Side effects don’t occur exactly as the math indicates, obviously; the math just gives us a ball park of what to expect when a patient takes a medication. Some patients never get side effects, some people get a really rough go with lots, some have one or two, and some people can’t even breathe the air of the pharmacy without developing severe side effects. It depends on all kinds of things; genetic, psychological, race, age, number of medications, how you process the medications through your kidney and liver, and more.

I know the side effects of my medications. But the pharmacies I’ve been to don’t know that. Some gave me CMI leaflets, some mentioned a side effect or two; but I’m ashamed to say that most of my pharmacy encounters have involved a pharmacy student or intern or practicing pharmacist handing me my medication and asking, have you got any questions? This is infuriating! How do people know what they don’t know, and therefore how can they ask questions? Pharmacists really need to pull up their socks on this! The responsibility is on the pharmacist to ensure the patient has enough knowledge to safely use the medication, and if I wasn’t a pharmacist myself, this would not have been the case with a single episode of having a script dispensed.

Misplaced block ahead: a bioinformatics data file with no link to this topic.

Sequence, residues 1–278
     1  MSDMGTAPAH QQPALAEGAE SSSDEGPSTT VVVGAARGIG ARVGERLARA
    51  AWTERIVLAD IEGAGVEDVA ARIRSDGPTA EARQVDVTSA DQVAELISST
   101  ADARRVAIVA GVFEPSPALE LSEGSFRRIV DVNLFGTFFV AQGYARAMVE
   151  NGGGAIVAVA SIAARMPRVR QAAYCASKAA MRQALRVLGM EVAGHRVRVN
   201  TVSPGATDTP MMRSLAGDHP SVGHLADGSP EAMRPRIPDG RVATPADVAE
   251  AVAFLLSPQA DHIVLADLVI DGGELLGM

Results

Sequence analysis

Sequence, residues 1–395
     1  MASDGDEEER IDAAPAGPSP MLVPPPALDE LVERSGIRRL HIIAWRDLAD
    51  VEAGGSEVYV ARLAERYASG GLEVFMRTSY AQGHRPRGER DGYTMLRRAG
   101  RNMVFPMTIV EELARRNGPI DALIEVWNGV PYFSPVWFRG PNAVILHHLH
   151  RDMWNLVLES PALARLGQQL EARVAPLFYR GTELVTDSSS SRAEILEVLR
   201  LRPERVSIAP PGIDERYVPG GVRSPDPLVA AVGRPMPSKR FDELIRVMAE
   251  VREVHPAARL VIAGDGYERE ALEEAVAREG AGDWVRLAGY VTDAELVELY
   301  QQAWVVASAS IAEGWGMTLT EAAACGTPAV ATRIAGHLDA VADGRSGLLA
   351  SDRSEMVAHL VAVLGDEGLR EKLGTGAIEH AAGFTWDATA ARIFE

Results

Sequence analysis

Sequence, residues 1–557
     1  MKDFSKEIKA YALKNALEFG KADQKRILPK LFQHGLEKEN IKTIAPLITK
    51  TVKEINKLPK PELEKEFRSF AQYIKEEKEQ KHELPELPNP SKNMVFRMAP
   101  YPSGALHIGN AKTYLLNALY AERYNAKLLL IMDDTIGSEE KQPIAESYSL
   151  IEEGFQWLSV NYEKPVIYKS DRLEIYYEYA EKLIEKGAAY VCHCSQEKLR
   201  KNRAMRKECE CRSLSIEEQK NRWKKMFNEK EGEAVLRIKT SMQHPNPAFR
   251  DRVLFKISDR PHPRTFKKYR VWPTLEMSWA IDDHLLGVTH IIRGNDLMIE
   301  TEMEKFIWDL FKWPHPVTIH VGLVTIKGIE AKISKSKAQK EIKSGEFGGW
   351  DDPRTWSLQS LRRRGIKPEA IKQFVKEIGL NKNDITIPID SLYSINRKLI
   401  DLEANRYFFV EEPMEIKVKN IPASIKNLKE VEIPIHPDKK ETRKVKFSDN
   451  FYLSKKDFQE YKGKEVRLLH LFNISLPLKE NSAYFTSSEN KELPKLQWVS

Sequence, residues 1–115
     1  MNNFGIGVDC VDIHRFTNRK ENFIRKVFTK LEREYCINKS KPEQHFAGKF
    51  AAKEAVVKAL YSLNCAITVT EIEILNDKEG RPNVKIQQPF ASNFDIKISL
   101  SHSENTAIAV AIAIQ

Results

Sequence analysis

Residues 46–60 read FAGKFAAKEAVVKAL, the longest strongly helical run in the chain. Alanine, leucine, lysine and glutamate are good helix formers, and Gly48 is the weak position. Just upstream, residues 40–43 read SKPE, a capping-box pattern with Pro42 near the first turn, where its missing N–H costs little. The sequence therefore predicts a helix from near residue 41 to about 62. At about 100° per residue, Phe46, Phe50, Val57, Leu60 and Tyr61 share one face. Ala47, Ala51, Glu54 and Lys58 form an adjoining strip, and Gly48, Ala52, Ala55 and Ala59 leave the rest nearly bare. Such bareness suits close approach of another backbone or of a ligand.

Did you know that 1 in 3 hospital admissions are medication related? That’s a very serious statistic. Imagine how that could be improved by pharmacy staff just taking a little extra care! I know they do care, and I understand that the sheer volume of workload is very oppressive, but surely we can do better.

Some of the side effects I’ve had have been textbook examples, and I actually find this very satisfying! It impresses me when what I’m experiencing is exactly what someone has described in the medical literature. How clever of them, and how observant! Of course when I say I’m impressed, I don’t mean that I like it, or appreciate it. But I think that the person who wrote it down was very intelligent, and perceptive especially for the era that they worked in which was often centuries ago, and the fact that we still find their information relevant however long later is such a testament to them.

So my textbook issues impress, but frustrate me: sweating, hunger, weight gain, sedation, increased blood pressure and cholesterol, suppressed thyroid, heart burn, memory impairment. And the consequences really get me wound up: chafing thighs, red face, jiggly bits, lethargy. Not all minor, of course.